Now in such a religion-free environment, imagine you walk outside on a clear dark night and look up at the full moon. What do you feel? Imagine you watch the sun rise every day for a year, marking the changing seasons and the ebb and flow of light and dark. Is that simply the mechanics of rotation and revolution, or is there something more? Imagine you experience the birth of a child or the death of a friend, and you contemplate your own birth and death. Imagine you dream of a long-dead ancestor. Imagine you realize the benefits you enjoy because of their lives and work. How might you respond to that realization? Imagine you live in a place and it becomes yours—not in a sense of possessing it but in a sense of relationship: your home, your mountain, your trees, your city. How might you honor and strengthen that relationship? Even if religion were to completely disappear, it would quickly return because people have religious experiences all the time. This is organic religion, a religion not of doctrine but of experience, not of rules but of relationships, not of the intellect but of the soul.

Beliefs would flow out of those experiences as people attempted to interpret them and understand them. Practices would arise as people attempted to facilitate further experiences and live in alignment with their interpretations of them. Before long, people would be writing and talking about their new organic religions. Some would begin practicing together. Beliefs and practices that were most helpful would spread, and those that were less helpful would fade. Practitioners who were especially dedicated and especially skilled would be consulted for advice and assistance. Before long, organic religion would yet again evolve into organized religion. And contrary to the knee-jerk reaction from some, including many Pagans, that wouldn’t be a bad thing.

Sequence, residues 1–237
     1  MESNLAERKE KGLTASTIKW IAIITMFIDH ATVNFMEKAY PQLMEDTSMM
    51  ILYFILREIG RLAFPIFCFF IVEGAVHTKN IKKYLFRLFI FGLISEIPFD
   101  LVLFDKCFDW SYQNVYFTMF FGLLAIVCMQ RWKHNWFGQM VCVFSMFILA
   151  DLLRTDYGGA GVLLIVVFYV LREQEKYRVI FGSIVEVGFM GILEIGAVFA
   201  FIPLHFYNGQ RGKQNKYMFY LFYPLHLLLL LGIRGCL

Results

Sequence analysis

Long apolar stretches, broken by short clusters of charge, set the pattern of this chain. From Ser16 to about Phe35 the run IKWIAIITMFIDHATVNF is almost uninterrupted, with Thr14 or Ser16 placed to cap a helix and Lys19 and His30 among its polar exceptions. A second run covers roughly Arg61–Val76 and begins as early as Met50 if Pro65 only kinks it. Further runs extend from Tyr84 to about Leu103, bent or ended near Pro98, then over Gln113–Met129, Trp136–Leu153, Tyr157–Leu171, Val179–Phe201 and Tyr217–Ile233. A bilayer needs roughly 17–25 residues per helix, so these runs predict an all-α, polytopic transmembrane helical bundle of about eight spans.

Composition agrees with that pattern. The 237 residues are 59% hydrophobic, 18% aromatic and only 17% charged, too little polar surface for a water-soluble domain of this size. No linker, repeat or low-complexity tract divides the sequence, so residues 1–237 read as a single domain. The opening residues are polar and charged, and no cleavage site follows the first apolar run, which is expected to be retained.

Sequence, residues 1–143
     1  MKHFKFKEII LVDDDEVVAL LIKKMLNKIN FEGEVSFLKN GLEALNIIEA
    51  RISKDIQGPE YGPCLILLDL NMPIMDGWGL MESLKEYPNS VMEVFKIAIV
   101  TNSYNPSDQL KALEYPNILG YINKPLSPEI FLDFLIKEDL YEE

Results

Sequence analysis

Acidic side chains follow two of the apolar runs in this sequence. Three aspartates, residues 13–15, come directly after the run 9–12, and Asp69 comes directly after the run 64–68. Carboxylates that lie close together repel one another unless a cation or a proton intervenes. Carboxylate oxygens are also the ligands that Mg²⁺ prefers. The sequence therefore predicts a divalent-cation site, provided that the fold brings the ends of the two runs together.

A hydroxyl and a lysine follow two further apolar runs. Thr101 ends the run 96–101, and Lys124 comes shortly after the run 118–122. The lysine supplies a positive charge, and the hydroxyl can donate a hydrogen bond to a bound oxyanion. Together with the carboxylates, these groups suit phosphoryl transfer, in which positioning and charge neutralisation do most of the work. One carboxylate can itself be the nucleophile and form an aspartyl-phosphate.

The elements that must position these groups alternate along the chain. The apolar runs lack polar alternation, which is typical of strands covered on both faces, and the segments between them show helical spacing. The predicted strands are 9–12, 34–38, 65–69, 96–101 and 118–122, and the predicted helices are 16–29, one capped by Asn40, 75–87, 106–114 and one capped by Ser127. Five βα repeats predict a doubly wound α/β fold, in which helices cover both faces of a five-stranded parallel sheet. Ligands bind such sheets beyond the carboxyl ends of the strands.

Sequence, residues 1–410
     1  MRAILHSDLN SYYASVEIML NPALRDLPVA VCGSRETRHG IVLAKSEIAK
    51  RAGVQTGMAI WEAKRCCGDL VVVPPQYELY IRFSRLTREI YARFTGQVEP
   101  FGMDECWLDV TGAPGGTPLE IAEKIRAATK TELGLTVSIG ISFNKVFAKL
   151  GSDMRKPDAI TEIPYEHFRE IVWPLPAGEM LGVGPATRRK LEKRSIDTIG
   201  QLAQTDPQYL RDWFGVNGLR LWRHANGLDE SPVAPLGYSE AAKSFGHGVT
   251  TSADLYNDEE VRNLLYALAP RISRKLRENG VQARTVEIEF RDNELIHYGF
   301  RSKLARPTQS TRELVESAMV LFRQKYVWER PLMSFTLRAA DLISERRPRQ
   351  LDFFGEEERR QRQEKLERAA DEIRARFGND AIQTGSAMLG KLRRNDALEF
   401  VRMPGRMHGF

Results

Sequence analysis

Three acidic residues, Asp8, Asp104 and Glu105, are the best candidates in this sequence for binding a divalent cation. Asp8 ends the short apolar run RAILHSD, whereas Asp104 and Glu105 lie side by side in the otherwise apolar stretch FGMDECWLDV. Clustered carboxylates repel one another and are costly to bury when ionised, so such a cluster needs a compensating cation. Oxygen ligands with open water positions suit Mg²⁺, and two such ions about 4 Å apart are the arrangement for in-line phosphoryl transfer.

As with every other human endeavor, religion in the present draws on the wisdom of the past. There is no need for everyone to invest time and energy into reinventing the wheel of religion. We can draw on the wisdom and teachings of our predecessors, build on them, and leave a stronger, more vibrant tradition for those who come after us to do the same.

Organized religions begin to lose their effectiveness when they move from spreading best practices to enforcing orthodoxy. When the affirmation of past beliefs becomes more important than the facilitation of present experiences, a religion loses its organic power. In a religious free society, it will begin to lose members and influence, setting it on a death spiral that may be long but that is certain. The modern Pagan movement is one example of what happens when those who are tired of lifeless religion return to organic religion.